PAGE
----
The dresses and the acceptance speeches are often more hotly debated than the awards on Oscar night. Everyone remembers Sally Fields’ famous, “You like me!” speech and Cuba Gooding, Jr.’s impetuous, “I love you!” Jack Palance did one-handed push-ups. Adrian Brody saw one of the most beautiful woman in history read his name and it was easy to understand why he could not resist the temptation to sweep Halle Berry into his arms for a passionate kiss. Julia Roberts told the conductor he’d better not start waving his baton to start the music because she had more to say. Roberto Benigni climbed over the chairs on his way to the stage. Louise Fletcher (Best Actress, “One Flew Over the Cuckoo’s Nest) memorably used American Sign Language for her thank yous because her parents are deaf. When Tom Hanks thanked his high school drama teacher in his acceptance speech for playing a gay lawyer in “Philadelphia,” he appeared to out him as well (Hanks had called for permission). That inspired the Kevin Kline movie “In and Out.”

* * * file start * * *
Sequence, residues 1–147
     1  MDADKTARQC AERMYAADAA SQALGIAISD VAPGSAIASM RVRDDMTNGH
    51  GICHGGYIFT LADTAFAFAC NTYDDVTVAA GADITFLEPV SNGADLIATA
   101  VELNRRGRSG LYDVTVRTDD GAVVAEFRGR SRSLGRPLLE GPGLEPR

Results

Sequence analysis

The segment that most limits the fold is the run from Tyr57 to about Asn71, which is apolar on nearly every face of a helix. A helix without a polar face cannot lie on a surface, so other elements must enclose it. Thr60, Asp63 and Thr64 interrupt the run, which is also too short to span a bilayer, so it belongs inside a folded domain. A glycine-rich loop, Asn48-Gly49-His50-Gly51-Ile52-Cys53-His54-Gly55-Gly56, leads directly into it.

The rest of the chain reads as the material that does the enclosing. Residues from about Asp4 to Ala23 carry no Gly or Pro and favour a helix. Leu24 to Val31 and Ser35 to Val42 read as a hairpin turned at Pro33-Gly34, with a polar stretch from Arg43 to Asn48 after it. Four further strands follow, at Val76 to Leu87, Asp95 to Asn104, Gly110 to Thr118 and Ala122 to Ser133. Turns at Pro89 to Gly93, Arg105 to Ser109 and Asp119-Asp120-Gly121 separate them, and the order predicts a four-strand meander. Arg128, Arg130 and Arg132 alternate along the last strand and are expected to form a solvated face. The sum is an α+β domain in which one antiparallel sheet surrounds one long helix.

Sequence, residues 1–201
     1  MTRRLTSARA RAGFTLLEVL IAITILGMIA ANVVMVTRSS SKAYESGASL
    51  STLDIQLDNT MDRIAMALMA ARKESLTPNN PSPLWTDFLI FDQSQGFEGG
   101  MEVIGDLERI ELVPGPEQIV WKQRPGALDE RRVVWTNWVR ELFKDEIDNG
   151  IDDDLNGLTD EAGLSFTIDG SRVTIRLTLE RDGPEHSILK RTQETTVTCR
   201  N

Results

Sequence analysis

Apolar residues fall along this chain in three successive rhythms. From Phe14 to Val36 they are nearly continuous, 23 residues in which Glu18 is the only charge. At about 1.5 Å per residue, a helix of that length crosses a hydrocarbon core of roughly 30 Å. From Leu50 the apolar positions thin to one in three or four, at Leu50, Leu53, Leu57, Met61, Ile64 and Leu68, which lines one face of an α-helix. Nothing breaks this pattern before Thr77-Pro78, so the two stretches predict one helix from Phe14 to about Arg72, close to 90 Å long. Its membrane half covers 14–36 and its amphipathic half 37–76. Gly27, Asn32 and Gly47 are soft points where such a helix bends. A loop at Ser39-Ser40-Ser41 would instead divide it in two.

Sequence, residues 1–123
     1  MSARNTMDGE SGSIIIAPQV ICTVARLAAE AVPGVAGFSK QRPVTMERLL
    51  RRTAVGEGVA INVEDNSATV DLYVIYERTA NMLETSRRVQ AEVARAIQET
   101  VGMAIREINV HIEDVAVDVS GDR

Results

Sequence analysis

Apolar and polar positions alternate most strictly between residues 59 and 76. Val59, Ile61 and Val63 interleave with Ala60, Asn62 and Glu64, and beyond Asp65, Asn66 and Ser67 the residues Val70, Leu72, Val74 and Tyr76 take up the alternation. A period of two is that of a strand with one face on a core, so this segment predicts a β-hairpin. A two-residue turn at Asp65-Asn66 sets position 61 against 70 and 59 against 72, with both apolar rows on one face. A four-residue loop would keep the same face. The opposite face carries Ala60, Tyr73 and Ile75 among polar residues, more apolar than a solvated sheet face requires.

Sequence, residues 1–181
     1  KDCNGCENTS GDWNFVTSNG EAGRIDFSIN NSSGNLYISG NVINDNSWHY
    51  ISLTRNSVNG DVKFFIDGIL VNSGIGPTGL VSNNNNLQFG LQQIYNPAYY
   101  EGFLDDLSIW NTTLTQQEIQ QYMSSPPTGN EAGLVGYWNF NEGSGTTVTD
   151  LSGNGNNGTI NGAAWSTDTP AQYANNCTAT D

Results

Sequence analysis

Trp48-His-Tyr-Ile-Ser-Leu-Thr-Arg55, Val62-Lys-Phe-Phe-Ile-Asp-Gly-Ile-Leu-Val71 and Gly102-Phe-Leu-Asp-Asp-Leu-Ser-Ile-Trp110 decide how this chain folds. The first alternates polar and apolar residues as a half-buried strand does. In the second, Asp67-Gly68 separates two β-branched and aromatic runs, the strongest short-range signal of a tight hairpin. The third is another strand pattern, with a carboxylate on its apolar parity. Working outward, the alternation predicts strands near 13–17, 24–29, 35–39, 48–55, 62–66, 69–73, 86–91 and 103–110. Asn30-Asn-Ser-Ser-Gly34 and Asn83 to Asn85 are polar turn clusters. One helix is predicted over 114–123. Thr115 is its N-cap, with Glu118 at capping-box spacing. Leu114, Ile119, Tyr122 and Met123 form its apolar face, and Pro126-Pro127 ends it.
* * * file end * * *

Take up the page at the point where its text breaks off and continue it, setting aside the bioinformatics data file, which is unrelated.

Clark Gable (Best Actor, “It Happened One Night”) gave the shortest speech, just “Thank you.” Greer Garson (Best Actress, “Mrs. Miniver) gave the longest speech. While it is sometimes reported as having lasted over an hour, in reality, according to the official historian of the awards, it was just seven minutes. But it was after 1 am and it probably seemed longer. Garson was a good sport. The following year, as a presenter, she got up to the podium and said, “As I was saying….”
What’s your guess about who gets thanked the most often? Parents? Drama coach? Director? Agent? Slate has done a comprehensive analysis of the past decade of Oscar acceptance speeches and it is a lot of fun. I wonder why God is thanked so much more frequently at the Grammys and MTV awards than the Oscars.